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Flashcards in Otitis media Deck (27):

Inflammation of the middle ear space and is the second most common dz diagnosed in kids

otitis media


2 common variants of otitis media

1. acute otitis media
2. otitis media with effusion


What does the eardrum look like on pneumatic otoscopy and how do kids present?

1. bulging and yellow/white in color with DILATED vessels
2. sudden onset fever, ear pain and fussiness


Common bacteria that cases acute OM

Streptococcus pneumoniae
Haemophilus influenzae
Moraxella catarrhalis.


1.Tx of healthy kids >2 w/less severe symptoms
2. If you treat with an antibacterial what is the first line antibiotic?
3. What if you have an allergy to the first line?
4. What types of orgs may be responsible for tx failure?
5. What is a second line therapy for acute OM?

1. Observation for 48hrs
2. amoxicillin (type of penicillin)
3. Azithromycin
4. Beta-lactamase producing or resistant strep.
5. high-dose Amoxicillin-clavulanate


1. How can you prevent acute
2. RF for acute OM

1. breast feeding, vaccination w/pneumococcal conjucate prep. Abx not sued as much due to concern over dev of resistant orgs
2. daycare, younger sibs, smoke


When would kids benefit from pressure equalization (PE) tubes ?

Recurrent acute OM (3-4 bouts of acute OM in 6 mo or 5-6 bouts/yr)


How do PE tubes work?
If drainage comes out of the open PE tube what does this indicate?

ventilate the middle ear
Prevent neg pressure and fluid buildup.
Ear infection


What are common drops used for PE tubes?
What used to be used but is no longer due to ototoxicity?

1. fluoroquinolone ototopical drops
2. neomycin/polymixin B/hydrocortisone


How is OME different than acute OM?

1. middle ear fluid WITHOUT active infection.
2. After acute OM or due to chronic eustachian tube dysfunction.


Presentation of OME

asymptomatic, muffled hearing (30-40db conductive hearing loss) or ear fullness. May affect speech dev
NO FEVERS, irritability and ear pain.
Air-fluid behind erdrum and dec mobility of eardrum.


Tx of OME may involve short course oral or topical nasal steroids. Why?

dec swelling of eustachian tube


What procedure can help reduce need for PE tubes (esp in kids who need second PE tube)

Adenoidectomy - remove adenoid tissue in nasopharynx


How does the eustachian tube change as a kid ages?
Who are the exceptions?

Longer and downward slant
Exceptions: kids w/hx of cleft palate or trisomy 21


What does unilateral OME in adults potentially be a sign of? And where does it spread later in the dz process?

Early nasopharyngeal carcinoma
Mets to cervical LN --> skull base --> cranial neuropathies


7 complications of acute OM

1. perforation of ear drum
2. tympanosclerosis (firm submucosal scarring) --> conductive hearing loss in middle ear and ossicles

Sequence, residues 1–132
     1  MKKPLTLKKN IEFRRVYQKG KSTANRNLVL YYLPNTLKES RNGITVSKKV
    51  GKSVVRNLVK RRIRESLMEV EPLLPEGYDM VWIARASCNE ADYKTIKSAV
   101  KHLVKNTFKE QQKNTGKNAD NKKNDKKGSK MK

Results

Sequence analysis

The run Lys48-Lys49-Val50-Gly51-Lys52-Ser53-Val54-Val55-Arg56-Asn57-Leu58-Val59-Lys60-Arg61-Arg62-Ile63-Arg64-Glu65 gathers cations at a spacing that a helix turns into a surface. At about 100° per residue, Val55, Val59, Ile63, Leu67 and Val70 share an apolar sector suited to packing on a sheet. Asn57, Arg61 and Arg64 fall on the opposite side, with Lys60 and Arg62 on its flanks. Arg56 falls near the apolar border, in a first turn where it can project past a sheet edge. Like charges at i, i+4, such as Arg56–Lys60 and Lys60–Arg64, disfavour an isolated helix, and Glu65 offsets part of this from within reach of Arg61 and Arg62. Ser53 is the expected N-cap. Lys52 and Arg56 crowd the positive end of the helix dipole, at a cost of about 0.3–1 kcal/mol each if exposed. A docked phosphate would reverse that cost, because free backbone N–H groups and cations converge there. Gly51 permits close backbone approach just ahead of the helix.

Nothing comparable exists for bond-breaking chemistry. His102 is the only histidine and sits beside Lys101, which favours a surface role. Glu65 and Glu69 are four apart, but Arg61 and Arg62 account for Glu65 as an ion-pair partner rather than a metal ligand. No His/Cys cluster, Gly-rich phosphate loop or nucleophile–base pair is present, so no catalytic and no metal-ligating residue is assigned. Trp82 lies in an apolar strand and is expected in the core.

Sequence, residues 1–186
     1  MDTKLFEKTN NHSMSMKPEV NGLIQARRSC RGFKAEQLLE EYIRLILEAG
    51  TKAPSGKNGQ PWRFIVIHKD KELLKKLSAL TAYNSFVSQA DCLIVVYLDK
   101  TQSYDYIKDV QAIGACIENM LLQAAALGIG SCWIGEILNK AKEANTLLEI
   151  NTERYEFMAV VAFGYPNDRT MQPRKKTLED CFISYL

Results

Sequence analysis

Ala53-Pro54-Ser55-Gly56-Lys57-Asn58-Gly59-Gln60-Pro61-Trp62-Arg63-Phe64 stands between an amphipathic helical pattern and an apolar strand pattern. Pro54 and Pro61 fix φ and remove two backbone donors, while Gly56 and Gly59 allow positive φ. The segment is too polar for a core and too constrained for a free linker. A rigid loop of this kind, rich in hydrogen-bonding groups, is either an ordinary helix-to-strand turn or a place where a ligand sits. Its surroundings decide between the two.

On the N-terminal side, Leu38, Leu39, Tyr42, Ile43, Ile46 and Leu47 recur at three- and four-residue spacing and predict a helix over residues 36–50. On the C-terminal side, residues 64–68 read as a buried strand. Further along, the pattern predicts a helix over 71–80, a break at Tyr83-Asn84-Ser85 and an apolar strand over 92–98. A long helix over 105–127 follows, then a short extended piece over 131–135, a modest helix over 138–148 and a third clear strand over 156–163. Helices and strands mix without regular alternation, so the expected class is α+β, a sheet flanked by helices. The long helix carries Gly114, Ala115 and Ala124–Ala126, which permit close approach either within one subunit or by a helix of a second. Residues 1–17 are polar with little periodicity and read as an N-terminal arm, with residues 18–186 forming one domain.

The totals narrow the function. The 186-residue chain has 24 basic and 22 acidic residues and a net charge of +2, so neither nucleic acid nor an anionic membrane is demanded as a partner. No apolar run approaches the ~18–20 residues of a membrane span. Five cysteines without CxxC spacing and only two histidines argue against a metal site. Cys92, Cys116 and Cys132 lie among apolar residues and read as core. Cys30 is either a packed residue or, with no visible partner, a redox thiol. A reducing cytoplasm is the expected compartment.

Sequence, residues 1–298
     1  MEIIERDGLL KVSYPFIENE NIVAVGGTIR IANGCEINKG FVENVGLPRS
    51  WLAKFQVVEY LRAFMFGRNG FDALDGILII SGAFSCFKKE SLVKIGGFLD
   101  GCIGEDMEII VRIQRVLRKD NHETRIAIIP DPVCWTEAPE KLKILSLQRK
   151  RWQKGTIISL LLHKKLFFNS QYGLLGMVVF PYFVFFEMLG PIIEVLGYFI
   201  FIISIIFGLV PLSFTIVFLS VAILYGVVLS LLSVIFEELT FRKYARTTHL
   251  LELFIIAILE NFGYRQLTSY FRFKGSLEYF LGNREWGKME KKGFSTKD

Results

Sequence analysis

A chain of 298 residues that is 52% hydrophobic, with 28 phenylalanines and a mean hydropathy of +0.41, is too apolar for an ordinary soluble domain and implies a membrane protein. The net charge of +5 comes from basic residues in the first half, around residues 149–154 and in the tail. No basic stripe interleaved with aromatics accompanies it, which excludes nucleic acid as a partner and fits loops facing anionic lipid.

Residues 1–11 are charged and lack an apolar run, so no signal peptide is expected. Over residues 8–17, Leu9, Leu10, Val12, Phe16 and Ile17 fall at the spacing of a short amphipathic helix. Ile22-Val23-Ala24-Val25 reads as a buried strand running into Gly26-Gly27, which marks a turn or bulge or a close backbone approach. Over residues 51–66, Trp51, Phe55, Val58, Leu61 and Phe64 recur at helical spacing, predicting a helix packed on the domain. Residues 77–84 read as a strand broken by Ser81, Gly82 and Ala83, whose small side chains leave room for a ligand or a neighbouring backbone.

3. meningitis
4. mastoiditis
5. epidural and brain abscesses
6. sigmoid sinus thrombosis
7. facial nerve paralysis


Most common offending organism causing meningitis related to acute OM. What can this become ?

1. H influenza
2. if fluid is infected --> acute mastoiditis


If medical therapy (IV abx) doesnt work to tx acute mastoiditis, what can be done surgically?

PE tube placement or mastoidectomy


Define picket fence fever and what complication of acute OM this is seen with

high, spiking fevers with normal temperatures in between.
Sigmoid sinus thrombosis


Chronic neg middle ear pressure due to inability to outgrow eustachian tube dysfunction --> retraction of superior part of ear drum called ____. If excess ____ builds up in this area and gets infected, this syndrome is called ____

1. Pars flaccida
2. keratin
3. cholesteatoma


cholesteatoma can also occur if ____ epithelium migrates into the middle ear space through ahole in the ear drum due to a previous OM infection



what are the 3 layers of the eardrum?
If ___ and ___ layers meet, the ___ layer will stop so there is a chronic perforation in the middle ear --> low grade inflam

1. cuboidal epithelium in the middle ear
2. fibrous layer in the middle
3. squamous epithelium on the outside.
4. Cuboidal and squamous, fibrous layer


why are complications of acute OM uncommon. And what organisms would cause complications?

1. Antibiotics.
2. abx resistant orgs (e.g. strep pneumoniae)


Common orgs that cause cholesteatoma/chronic ear drainage



how do you tx cholesteatoma? Why may it recur?

ototopical abx only improves drainage. Recurrence likely if stopped.
surgery to remove the cholesteatoma is done. Eustachian tube dysfunction is still present so may recur


What happens if you dont tx cholesteatoma?

the cholesteatoma will keep growing --> erode bony structure --> hearing loss (necross of long process of incus), erosion of semicirculat canal (dizzy), subperiosteal abscess, facial nerve palsy, meningitis, brain abscess


Why is a piece of fascia temporalis or tragal perichodrium harvested as a graft for tympanoplasty?

Fibrous tissue will not grow with squamous epithelium meeting cuboidal epithelium